while poor Sebastian Snake has the chilliest spot of all and is thinking of applying “for a promotion.” It looks as though they might all settle happily in their new abode; it looks too as though they’ve been pretty busy creating something special for Edith.

I absolutely loved Lisa Stickley’s Handstand debut; this is even better I think. The text, presented as in a child’s writing book, is deliciously witty and the patterned illustrations adorable. I’d certainly recommend putting this in pride of place on Edith’s bookshelf along side Gary Guardsman, as well as adding it to a family, nursery or early years classroom collection.

Time for a Nap
Phillis Gershator and David Walker
Sterling
Through a gentle rhyming text and delightful, soft-focus pencil and acrylic scenes of a little rabbit and parent, human toddlers can share in their week. Starting with Monday, shopping day,

Gershator and Walker take us through their weekday activities, shopping, playing, a visit to the library for storytime (hooray!), clothes washing and gardening and on Saturday and Sunday, relaxing together.
A crucial part of every one of those days is nap time – not always readily embarked on by little rabbit.

Short and sweet, and ideal for participatory reading with littles: try reading it with a nursery group and then leaving the book with appropriate props or small world toys for children to interact with.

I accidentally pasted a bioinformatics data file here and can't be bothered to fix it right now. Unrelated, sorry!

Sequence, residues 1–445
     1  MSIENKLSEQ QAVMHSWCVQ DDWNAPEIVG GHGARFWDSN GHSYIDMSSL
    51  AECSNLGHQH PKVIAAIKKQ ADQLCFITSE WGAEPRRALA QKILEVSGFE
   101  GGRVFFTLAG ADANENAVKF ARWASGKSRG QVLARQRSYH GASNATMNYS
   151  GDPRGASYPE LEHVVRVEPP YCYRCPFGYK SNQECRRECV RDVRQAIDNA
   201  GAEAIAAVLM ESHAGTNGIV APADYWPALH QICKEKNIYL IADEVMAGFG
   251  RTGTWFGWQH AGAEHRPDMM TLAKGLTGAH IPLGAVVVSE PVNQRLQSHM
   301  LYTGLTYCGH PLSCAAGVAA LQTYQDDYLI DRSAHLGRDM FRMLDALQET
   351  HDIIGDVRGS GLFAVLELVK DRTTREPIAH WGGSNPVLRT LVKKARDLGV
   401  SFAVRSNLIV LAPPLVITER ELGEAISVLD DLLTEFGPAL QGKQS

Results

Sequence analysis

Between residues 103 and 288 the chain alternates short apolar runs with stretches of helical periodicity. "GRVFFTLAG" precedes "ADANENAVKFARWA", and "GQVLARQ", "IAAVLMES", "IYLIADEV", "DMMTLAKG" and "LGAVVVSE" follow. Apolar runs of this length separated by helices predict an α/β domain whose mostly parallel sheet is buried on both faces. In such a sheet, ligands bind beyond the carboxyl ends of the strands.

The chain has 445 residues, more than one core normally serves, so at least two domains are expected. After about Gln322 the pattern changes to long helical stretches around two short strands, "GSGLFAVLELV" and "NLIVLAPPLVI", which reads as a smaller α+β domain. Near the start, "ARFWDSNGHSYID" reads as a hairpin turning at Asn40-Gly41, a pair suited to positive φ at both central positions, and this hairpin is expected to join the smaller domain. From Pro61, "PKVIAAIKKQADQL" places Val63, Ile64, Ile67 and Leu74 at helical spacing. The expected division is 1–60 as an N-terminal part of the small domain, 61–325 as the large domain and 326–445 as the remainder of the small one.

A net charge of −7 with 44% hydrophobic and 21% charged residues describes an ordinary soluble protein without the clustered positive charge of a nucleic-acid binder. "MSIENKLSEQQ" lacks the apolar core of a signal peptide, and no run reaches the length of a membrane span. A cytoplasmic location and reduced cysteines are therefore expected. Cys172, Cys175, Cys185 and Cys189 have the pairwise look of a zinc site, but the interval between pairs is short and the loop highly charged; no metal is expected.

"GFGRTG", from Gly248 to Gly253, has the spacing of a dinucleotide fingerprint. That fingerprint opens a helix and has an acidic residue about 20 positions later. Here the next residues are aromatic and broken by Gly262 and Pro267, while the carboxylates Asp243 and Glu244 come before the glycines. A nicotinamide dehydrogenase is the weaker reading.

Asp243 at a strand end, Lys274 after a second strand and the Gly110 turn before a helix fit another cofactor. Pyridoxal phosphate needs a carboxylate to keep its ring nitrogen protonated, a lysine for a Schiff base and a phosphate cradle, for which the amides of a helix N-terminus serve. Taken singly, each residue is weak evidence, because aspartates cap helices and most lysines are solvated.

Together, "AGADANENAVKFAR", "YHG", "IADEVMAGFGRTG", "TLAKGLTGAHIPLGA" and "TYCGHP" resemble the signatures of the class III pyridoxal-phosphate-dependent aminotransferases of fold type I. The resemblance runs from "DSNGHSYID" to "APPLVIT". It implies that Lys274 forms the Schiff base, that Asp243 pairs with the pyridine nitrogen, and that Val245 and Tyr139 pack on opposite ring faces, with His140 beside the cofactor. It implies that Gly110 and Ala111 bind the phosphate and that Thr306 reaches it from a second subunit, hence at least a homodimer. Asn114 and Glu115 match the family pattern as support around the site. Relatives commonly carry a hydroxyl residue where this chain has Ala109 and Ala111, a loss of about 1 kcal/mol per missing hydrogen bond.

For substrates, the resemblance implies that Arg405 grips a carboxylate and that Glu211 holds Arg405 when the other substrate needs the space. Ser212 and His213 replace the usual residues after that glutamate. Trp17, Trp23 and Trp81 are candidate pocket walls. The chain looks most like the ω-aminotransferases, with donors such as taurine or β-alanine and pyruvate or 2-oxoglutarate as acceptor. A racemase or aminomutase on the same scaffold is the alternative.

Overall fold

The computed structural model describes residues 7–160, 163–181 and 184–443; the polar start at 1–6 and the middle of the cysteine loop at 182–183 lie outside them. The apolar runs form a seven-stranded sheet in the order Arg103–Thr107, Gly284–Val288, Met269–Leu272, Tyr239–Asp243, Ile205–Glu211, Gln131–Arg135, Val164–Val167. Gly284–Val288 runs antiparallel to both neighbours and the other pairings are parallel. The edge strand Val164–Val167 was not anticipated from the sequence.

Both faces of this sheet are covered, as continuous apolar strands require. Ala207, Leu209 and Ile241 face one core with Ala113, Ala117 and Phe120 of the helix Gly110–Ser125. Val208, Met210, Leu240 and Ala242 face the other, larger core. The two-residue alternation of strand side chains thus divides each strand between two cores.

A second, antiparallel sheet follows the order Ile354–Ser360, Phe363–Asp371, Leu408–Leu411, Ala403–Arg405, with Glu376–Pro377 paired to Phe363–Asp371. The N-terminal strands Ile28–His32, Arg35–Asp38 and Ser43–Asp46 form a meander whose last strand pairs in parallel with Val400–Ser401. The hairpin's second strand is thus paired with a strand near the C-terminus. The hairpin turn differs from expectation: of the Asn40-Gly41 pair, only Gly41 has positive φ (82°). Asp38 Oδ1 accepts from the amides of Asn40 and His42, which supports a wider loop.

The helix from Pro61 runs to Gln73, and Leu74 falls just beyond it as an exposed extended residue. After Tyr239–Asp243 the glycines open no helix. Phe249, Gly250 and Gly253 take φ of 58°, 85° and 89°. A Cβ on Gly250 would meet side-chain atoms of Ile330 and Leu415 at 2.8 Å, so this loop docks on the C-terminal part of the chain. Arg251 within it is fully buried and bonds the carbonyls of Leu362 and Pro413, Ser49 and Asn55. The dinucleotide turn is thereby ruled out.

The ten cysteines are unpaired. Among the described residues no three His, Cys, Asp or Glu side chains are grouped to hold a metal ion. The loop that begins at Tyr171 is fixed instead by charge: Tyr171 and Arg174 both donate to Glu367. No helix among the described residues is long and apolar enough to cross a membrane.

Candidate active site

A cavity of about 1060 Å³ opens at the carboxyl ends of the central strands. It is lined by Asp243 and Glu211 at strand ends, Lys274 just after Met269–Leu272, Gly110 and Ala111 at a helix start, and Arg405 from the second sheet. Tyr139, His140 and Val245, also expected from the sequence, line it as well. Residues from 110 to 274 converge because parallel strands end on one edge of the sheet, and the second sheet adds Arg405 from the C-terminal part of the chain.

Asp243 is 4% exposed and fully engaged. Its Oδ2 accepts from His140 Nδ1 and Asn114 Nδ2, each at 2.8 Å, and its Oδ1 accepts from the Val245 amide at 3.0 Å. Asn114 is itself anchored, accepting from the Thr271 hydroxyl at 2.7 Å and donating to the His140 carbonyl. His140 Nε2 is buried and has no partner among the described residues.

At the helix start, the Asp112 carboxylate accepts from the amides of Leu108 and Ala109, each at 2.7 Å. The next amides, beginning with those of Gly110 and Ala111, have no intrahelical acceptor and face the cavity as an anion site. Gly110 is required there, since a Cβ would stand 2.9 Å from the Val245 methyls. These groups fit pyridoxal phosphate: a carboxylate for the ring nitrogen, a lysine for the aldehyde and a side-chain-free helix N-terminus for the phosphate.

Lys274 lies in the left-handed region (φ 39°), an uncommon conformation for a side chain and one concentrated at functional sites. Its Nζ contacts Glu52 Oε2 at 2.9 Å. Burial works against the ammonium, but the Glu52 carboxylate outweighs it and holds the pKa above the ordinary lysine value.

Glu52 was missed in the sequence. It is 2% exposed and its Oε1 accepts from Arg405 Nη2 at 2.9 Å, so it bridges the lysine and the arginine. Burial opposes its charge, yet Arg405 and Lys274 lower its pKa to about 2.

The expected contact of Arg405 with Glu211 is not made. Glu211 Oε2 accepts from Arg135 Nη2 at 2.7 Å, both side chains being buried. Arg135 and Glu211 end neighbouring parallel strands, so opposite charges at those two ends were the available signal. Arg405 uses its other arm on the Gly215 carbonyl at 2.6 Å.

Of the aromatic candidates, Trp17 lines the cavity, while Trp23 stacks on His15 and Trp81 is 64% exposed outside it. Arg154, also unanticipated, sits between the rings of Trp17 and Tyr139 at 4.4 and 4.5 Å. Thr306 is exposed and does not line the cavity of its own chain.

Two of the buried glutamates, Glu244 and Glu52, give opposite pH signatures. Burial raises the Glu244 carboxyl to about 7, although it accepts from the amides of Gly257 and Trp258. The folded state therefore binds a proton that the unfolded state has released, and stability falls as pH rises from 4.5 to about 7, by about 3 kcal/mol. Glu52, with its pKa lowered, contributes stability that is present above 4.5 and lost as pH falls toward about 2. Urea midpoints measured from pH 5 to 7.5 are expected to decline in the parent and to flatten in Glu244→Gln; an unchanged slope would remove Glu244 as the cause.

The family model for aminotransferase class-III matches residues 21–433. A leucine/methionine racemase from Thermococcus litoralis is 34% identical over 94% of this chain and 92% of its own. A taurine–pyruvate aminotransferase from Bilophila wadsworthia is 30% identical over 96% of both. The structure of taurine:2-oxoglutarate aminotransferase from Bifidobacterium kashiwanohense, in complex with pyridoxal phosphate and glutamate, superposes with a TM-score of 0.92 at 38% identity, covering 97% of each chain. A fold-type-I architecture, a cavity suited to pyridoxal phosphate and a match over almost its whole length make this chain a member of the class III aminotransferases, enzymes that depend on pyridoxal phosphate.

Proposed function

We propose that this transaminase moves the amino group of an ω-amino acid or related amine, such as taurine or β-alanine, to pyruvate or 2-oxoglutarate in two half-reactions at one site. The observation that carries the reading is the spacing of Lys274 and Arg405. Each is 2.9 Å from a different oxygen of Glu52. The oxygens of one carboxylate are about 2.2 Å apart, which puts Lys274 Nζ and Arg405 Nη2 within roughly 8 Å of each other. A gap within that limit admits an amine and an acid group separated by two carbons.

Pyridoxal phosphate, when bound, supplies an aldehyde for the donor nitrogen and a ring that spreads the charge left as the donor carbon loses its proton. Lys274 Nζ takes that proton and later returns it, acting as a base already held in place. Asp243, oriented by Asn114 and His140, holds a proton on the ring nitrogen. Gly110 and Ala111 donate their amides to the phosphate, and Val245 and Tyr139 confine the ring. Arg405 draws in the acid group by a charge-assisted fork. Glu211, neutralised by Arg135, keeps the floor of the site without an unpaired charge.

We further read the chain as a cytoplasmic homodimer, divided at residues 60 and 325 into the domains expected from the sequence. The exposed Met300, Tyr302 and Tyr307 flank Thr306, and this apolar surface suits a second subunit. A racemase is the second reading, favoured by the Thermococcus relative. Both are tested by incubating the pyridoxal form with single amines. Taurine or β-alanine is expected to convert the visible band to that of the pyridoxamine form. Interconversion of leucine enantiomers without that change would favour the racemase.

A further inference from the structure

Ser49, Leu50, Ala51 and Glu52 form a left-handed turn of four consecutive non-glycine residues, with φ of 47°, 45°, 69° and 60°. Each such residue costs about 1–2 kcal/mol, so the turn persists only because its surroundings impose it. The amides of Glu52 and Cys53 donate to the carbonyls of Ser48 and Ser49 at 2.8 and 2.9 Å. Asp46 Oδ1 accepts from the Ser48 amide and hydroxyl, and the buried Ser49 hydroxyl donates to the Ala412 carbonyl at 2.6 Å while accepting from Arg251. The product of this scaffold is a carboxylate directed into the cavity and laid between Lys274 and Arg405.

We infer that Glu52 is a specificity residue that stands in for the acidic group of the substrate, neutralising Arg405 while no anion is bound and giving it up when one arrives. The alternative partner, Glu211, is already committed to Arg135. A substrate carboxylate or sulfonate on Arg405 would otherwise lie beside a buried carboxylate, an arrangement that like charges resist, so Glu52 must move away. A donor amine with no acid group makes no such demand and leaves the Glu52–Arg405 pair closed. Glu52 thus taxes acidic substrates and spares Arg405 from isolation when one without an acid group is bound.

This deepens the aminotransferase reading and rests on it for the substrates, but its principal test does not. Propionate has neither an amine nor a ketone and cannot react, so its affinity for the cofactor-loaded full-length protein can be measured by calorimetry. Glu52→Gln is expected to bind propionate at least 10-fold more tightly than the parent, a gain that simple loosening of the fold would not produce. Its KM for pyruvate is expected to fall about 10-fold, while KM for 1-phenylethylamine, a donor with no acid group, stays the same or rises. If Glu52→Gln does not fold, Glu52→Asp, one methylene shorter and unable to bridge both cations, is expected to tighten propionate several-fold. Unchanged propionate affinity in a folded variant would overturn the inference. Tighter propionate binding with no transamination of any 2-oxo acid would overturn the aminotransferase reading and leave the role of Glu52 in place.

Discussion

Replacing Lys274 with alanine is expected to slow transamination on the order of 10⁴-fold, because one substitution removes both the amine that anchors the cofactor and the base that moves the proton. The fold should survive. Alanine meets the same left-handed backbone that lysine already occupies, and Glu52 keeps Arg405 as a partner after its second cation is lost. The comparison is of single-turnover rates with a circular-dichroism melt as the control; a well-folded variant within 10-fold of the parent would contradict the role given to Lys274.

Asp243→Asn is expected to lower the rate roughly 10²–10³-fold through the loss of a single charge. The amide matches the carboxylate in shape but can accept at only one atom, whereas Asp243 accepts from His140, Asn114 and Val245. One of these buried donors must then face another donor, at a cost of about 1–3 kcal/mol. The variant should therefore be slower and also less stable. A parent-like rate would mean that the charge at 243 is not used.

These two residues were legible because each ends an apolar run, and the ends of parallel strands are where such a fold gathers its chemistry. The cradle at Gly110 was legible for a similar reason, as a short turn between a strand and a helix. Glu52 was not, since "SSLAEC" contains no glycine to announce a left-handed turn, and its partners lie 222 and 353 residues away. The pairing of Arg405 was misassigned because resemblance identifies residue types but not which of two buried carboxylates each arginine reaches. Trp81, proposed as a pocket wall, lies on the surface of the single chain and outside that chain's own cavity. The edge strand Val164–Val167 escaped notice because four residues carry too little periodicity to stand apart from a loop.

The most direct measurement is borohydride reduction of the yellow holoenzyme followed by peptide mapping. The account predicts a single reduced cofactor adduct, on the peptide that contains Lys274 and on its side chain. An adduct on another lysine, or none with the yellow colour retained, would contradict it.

I’ve signed the charter  

Handstand

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Handstand
Lisa Stickley
Pavilion Books
If you’ve spent any time in a primary school during the summer term you’ll know that one of the crazes that unfailingly comes around every year is handstands. During playtimes, seemingly half a school population is endeavouring to perfect the art of handstanding. Now we have a storybook character doing just that; she’s the narrator of this quirky picture book and her name is Edith. It’s at home or in the park, not school where she’s honing her inversion skills though; watched – or more accurately, interrupted – by various creatures – a worm, a bee, a bird in flight, a spider …

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none of which is happy about what she’s doing. Her “giant” hand was too close to the worm’s favourite ‘popping-up’ spot; her ear tricked the bee into thinking it was a flower; the bird, well he’s actually happier than the others as Edith provided useful ‘target practice’ for his flying poops. And the spider is shocked having ended up in her shorts when doing his ‘daily descent’.
Over the course of a week she goes from 1 second to 6 of ‘upsidedown-ness’ – the six being with a bit of support from Dad, who naturally has better things to do most of the time. By Sunday, Edith appears to have got this whole handstanding thing pretty much licked – in more ways than one …

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I love the humour inherent in this tale of persistence and determination: Edith is a real cool cookie. I love too her various patterned outfits and the way, Lisa Stickley has incorporated pattern into other elements of her funky artwork; and there’s a bit of counting too. A debut picture book delivered with panache.